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The Bellinghman
Date: 2010-03-02 12:56
Subject: Oh no ...
Security: Public
The firm said that the fault had been caused by machines that had "recognised the year 2010 as a leap year".

Just how many incompetent programmers are there out there?

(I mean, I know there are different calendars in effect around the world, and that we'll only know whether the former Soviet Union is on the Gregorian or the Modified Julian system when we see whether they observe 2800 as a leap year. But I don't think anyone anywhere has every considered this year to have a 29th of February.)
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Dr Plokta
User: drplokta
Date: 2010-03-02 13:05 (UTC)
Subject: (no subject)
The algorithm "Years ending in zero are leap years" worked fine for every date from 1991 (which was before the original PlayStation was launched) up to last weekend. It may have been ancient crufty code from the mid nineties that no one expected to still be in use fifteen years later.
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The Bellinghman
User: bellinghman
Date: 2010-03-02 13:16 (UTC)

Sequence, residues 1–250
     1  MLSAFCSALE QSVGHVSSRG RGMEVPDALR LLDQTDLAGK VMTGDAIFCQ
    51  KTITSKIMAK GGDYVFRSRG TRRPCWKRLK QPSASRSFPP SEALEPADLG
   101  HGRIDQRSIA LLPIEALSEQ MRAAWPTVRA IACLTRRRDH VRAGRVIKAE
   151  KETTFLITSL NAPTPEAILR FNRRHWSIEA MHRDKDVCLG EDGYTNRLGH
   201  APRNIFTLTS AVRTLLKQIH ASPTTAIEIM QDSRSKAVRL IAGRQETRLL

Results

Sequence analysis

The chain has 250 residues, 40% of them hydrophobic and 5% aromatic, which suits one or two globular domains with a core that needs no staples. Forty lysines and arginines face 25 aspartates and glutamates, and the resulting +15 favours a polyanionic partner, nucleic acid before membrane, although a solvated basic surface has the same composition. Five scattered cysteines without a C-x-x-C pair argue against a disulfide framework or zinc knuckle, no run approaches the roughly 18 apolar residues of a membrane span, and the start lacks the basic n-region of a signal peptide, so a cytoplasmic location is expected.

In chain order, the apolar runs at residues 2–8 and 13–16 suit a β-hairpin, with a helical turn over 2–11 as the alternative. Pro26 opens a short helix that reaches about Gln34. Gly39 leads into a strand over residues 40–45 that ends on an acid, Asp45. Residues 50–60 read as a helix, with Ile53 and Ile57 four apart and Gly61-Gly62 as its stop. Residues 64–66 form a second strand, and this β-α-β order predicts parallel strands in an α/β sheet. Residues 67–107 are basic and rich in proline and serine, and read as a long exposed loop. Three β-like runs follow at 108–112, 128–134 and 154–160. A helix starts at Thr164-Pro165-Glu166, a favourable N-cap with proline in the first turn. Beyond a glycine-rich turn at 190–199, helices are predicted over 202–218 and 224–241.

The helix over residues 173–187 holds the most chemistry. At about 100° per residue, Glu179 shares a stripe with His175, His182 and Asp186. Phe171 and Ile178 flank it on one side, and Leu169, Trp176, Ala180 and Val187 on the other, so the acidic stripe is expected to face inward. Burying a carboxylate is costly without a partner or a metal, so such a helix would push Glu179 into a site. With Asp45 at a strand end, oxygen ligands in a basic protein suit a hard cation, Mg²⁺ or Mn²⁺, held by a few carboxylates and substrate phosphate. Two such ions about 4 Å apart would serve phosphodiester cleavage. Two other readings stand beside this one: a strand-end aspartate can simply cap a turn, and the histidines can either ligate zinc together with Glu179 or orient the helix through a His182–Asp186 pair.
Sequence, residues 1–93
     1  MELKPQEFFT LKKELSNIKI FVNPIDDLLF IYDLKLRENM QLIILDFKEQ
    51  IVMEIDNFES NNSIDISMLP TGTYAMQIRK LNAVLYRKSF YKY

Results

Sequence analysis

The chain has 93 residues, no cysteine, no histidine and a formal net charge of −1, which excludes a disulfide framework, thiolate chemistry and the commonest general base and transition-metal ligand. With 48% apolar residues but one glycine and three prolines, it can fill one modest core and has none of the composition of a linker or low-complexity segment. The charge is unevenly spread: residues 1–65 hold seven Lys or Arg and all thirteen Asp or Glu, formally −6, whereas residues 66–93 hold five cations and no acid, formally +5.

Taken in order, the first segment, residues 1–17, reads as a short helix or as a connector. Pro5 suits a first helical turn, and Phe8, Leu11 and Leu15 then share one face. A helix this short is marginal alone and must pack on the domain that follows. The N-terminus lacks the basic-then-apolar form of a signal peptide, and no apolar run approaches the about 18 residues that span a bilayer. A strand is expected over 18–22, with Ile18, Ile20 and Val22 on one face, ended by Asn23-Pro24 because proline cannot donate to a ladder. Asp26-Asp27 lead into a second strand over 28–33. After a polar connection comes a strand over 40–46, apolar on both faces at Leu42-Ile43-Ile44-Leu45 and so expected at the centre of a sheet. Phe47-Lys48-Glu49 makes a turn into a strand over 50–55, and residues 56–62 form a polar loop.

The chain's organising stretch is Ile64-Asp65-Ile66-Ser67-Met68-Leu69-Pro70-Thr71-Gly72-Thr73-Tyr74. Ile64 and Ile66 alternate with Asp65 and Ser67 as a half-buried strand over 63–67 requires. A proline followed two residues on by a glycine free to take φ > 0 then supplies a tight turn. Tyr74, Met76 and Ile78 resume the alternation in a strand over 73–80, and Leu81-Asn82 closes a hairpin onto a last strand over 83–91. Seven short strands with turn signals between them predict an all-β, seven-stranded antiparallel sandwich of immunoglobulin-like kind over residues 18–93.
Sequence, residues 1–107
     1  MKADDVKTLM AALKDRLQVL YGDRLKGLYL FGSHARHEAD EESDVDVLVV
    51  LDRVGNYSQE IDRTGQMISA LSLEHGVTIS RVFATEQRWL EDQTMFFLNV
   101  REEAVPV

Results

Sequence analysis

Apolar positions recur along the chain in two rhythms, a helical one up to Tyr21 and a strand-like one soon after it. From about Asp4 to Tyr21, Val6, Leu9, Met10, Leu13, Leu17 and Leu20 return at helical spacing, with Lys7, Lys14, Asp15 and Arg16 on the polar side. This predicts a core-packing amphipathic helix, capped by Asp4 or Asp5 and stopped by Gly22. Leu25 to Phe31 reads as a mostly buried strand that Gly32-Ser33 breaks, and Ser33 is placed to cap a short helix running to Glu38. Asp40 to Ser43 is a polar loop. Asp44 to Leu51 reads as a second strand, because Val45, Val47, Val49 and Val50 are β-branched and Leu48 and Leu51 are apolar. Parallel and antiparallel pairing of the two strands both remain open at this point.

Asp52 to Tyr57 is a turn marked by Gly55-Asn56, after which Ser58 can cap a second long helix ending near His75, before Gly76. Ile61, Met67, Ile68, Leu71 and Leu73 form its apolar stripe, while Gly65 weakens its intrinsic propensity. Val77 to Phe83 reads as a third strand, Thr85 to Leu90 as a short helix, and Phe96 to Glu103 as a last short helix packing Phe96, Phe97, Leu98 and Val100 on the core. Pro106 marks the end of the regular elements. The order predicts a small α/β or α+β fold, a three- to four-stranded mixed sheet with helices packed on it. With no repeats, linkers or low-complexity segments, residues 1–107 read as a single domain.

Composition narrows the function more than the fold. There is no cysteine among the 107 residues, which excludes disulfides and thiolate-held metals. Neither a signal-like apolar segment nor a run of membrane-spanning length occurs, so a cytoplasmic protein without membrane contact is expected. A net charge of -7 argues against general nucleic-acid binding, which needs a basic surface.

Subject: (no subject)
It's a pig-awful algorithm because, if you're looking only at the last digit, then you've already got problems with (say) 1998 and 2008.

(I can accept the simple 'divide by 4' algorithm because that one works for 1901 through to 2099, which is a reasonably long period that we might well have calendar reform before its end.)
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Alex McLintock
User: alexmc
Date: 2010-03-02 15:13 (UTC)
Subject: (no subject)
Is there a standard library which can perform this algorithm for me?
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The Bellinghman
User: bellinghman
Date: 2010-03-02 15:18 (UTC)
Subject: (no subject)
I'm wondering if there's a standard library that doesn't.
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